'Breaking Bad' finale answers the big question

Bill Harris, QMI Agency

, Last Updated: 3:42 PM ET

Fans of Breaking Bad are aching bad.

For the first time since the show debuted on Jan. 20, 2008, there are no new episodes on the way. Nothing to look forward to, nothing more to dissect.

Arguably the most acclaimed series in the history of television, Breaking Bad aired its final episode Sunday on AMC. The big question, of course, is what happened to Walter White, played by Bryan Cranston.

Consider this a SPOILER ALERT if you don't want to know. Plot details follow immediately.

Walter White is dead. He collapsed at the end, shot by his own booby-trap, just as the cops arrived. He asked his former partner Jesse Pinkman (Aaron Paul) to finish him off, but Jesse didn't do it, seeing Walt already was wounded.

Jesse survived, freed from servitude by Walt.

The people who were holding Jesse hostage to cook meth, including creepy Todd and his evil Uncle Jack? All dead, mostly by the machine-gun booby-trap in the trunk of Walt's car, but Jesse personally killed Todd, and Walt finished off Uncle Jack.

And oh yes, Lydia is dying. Poisoned by Walt, with the vial he retrieved from his abandoned house.

The episode began with Walt breaking into a frozen, snow-covered car. “Just get me home,” he mutters – prays? – before the keys miraculously emerge, falling from the sun visor.

He gets home, all right. He first goes to see the Schwartzes, Walt's former business partners who dissed and distanced themselves from Walt in a TV interview during the penultimate episode. He gives them more than $9 million and asks them - with a threat - to give it to his son on his 18th birthday.

Walt goes to the diner and meets with his old business associates Lydia and Todd, saying he has a new method of producing meth. Lydia wants nothing to do with Walt. But maybe Todd has a soft spot for Walt, as the man who taught him so much?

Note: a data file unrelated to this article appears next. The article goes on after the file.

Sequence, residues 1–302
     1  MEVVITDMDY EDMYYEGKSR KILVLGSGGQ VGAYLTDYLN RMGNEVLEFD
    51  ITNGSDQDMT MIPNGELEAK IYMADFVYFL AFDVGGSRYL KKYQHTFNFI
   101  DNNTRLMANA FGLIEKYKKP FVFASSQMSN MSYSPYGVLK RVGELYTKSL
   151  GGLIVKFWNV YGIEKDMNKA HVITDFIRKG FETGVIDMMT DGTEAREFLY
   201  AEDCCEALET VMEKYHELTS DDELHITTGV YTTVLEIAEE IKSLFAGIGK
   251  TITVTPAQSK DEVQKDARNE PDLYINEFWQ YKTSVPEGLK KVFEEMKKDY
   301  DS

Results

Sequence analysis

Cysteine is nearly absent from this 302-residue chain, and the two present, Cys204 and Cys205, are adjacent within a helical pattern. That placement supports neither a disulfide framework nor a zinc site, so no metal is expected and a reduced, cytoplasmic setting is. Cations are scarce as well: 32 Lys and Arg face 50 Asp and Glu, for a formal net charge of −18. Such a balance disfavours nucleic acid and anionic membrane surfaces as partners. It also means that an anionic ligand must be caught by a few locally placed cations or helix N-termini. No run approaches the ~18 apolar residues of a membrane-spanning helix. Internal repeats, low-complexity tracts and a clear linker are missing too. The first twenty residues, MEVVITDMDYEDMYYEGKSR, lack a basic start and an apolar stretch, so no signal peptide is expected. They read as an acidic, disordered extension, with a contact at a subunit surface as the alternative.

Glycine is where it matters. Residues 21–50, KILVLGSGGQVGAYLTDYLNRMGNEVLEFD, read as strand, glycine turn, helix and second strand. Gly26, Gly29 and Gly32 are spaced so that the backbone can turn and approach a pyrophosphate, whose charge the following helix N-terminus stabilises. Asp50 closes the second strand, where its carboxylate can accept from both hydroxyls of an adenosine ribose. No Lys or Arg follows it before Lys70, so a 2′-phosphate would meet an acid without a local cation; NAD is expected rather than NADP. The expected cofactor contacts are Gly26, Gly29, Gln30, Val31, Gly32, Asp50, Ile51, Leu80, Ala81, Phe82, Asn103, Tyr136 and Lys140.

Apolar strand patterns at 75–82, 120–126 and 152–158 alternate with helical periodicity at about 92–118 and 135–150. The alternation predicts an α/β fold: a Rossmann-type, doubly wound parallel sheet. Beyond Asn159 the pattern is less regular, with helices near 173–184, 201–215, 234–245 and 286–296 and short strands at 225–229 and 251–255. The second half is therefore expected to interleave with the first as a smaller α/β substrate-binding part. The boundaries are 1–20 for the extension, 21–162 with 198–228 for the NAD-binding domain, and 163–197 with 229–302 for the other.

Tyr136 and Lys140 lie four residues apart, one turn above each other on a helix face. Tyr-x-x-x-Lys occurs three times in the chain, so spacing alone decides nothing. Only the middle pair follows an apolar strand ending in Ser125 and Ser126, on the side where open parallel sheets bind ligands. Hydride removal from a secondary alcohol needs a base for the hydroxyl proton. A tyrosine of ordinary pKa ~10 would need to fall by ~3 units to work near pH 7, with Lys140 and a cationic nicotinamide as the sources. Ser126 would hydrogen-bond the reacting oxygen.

Walt's wife Skyler gets a call from her sister Marie, saying that people have spotted Walt back in town. But Walt is there with Skyler already. He gives her the lottery ticket that includes the GPS co-ordinates where Hank Schrader and Steve Gomez are buried.

He admits to her, “I did it for me. I liked it. I was good at it. And I was really ... I was alive.” Then Walt visits with his baby daughter for a minute, watches his son from a distance, and leaves.

Then came the final confrontation.

Finales never can please everyone, of course. But if you've been watching a series for years, your one desire is that the ending makes sense within the framework of the show. You might not like the way a creator ends a series – it's not a democracy – but you don't want the tone to take a sharp turn to accommodate a conclusion that feels tacked on or artificial.

Sometimes people stop caring about a series before it ends, and therefore no one expects much as it ends (i.e., last week's Dexter finale). But Breaking Bad was under incredible scrutiny. It did not have the luxury of sucking.

It didn't.


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